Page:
Our beloved planet is getting warmer, and CO2 emissions urgently need to be decreased. This is the Race to Zero, which we can win together. It’s a race against time and a race with ourselves, as we need to act now to reduce our carbon emissions.
So what is The Race to Zero?
Race to Zero (R2Z), launched by the United Nations in June 2020, is a global sustainability program that aims to cut CO2 emissions in half by 2030 and achieve carbon neutrality by 2050.
The UN describes it as “the largest global campaign to rally leadership and support from businesses, cities, regions, and investors for a healthy, resilient, zero-carbon recovery that prevents future threats, creates decent jobs, and unlocks inclusive sustainable growth.”
The program’s goals are based on the Paris Agreement target, which aims to limit global warming to 1.5°C compared to pre-industrial temperature levels.
By joining forces together, R2Z members aim to speed up the shift towards a more resilient, inclusive, and decarbonized economy. So far, R2Z has already mobilized 3067 businesses, 733 cities, 173 investors, 31 regions, 624 educational institutions, and 37 healthcare institutions and is constantly growing.
It is also part of the Climate Ambition Alliance, launched during the UNSG’s Climate Action Summit 2019, in which 120 countries participated. It is an exciting project which gives an extra boost to decarbonizing and sustainability-related initiatives while simultaneously sending a strong worldwide signal about the urgency of the climate crisis.
What’s the plan?
Reaching climate neutrality (or, even better, becoming climate positive) is an ambitious target that needs vital planning and commitment. Therefore, there is a rigorous set of criteria that needs to be met by R2Z participants and a yearly follow-up by independent experts.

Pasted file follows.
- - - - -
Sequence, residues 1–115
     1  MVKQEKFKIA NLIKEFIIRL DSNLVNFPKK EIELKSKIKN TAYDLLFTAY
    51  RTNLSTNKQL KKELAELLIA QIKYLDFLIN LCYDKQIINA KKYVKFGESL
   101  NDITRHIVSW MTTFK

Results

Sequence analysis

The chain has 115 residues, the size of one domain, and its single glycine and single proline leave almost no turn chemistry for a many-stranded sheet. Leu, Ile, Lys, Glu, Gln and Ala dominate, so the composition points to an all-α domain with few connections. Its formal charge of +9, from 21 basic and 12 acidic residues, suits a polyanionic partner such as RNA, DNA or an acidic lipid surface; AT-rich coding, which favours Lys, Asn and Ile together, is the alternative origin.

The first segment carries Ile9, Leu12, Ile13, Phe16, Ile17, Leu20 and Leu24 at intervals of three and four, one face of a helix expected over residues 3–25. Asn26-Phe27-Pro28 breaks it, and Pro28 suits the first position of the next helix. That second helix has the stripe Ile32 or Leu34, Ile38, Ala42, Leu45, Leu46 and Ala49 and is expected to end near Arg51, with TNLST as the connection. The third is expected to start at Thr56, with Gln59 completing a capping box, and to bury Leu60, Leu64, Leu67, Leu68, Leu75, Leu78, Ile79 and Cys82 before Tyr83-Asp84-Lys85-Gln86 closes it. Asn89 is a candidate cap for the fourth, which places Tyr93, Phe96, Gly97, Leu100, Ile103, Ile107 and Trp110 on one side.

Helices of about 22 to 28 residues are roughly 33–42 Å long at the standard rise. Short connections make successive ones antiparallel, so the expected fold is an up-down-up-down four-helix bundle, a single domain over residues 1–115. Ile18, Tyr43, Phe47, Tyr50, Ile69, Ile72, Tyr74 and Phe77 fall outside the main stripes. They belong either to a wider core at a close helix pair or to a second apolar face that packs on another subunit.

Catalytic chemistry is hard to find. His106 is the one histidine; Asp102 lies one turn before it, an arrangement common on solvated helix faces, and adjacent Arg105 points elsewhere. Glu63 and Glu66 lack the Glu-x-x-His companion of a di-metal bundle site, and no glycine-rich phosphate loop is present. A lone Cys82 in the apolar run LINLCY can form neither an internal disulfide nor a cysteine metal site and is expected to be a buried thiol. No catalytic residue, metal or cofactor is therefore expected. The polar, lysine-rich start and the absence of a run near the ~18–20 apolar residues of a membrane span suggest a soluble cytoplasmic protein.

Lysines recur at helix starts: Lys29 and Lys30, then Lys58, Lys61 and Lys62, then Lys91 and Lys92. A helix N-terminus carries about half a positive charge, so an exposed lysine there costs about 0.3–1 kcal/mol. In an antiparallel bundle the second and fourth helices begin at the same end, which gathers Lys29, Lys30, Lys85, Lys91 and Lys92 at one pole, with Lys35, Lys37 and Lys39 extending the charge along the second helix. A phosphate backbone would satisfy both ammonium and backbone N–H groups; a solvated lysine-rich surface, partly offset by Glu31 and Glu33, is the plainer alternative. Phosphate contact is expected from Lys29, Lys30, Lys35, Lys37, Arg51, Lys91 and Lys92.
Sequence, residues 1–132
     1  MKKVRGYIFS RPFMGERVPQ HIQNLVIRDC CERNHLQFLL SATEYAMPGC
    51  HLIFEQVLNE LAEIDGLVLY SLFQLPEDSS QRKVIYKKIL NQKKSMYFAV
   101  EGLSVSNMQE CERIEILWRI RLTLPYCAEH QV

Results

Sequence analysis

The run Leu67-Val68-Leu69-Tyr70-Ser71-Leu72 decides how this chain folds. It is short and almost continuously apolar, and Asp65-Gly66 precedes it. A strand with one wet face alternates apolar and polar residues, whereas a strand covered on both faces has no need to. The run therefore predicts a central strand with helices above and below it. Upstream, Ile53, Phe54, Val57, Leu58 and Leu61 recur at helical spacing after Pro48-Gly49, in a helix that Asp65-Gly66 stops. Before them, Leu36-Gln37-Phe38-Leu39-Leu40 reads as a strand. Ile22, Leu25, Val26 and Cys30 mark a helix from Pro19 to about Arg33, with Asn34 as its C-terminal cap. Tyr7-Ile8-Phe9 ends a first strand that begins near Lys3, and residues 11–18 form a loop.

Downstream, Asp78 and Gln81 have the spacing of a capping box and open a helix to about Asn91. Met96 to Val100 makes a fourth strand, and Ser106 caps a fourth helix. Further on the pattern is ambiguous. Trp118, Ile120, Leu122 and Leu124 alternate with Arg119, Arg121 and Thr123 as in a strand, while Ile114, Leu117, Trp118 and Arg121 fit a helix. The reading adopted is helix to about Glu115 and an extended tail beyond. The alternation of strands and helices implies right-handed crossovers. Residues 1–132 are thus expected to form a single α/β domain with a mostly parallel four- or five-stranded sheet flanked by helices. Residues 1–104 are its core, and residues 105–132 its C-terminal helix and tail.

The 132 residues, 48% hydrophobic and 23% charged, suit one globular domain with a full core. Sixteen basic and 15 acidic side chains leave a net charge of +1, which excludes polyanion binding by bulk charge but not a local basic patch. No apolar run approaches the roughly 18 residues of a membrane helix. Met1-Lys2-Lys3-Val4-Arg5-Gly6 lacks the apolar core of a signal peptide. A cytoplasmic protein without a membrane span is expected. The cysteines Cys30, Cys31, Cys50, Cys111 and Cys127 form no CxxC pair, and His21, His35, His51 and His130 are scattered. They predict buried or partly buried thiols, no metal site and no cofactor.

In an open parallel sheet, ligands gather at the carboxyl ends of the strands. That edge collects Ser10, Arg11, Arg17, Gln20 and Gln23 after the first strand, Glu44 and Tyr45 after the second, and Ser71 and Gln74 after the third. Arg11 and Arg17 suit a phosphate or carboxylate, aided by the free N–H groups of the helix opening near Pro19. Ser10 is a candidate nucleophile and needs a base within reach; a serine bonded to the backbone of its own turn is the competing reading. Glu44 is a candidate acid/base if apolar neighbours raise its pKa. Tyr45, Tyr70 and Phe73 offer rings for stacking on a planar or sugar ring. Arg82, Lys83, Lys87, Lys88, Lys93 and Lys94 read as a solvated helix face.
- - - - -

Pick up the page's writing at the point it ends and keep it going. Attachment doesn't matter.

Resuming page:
The first set of criteria that needs to be fulfilled is called the Starting line and is referred to as the Four P’s:
- Pledge: Pledge at the head-of-organization level to reach zero greenhouse gas emissions as soon as possible, and by mid-century at the latest, in line with global efforts to limit warming to 1.5 °C.
- Plan: Within 12 months of joining, explain the actions to achieve both interim and long-term pledges, especially in the short- to medium term.
- Proceed: Take immediate action toward achieving zero, consistent with delivering interim targets specified.
- Publish: Commit to publicly reporting progress against interim and long-term targets and actions being taken, at least annually.
The remaining set of guidelines, known as Leadership Practices, shows in which areas the members need to reach current best practices and suggest further improvements.
These criteria are peer-reviewed annually and ensure the quality and credibility of the program and motivate members to push their ambitions forward continuously. They are divided as follows:
- Scope: Targets must cover all greenhouse gas emissions.
- Sink and credits: In the transition to zero, prioritize reducing emissions and limiting any residual emissions to those not feasible to eliminate. Sinks or credits need to be specified. Encourage immediate contributions to the preservation and restoration of natural sinks.
- Empowerment and Equity: Seek to enable all actors to contribute to the global transition toward net zero through engagement, information sharing, access to finance, and capacity building.
To ensure the criteria are up to date with the current challenges in our world, they updated the project guidelines and sets of criteria during spring 2021 with the help of the University of Oxford. Over 200 participants, including experts from various regions and subjects, participated in the discussion.
How’s it going?
One year since the program’s launch, R2Z has seen some exciting initiatives flourishing in diverse sectors, ranging from fashion, energy, nature, and transportation to many other industries. In addition, an exciting twin program has been running simultaneously: the Race to Resilience.
And now that COP26 in Glasgow is approaching, it’s more important than ever to speak up and raise awareness about climate change and environmental issues. Sustainable and decarbonizing initiatives need all the support they can get to enable a shift toward a healthier and carbon-neutral world in time.
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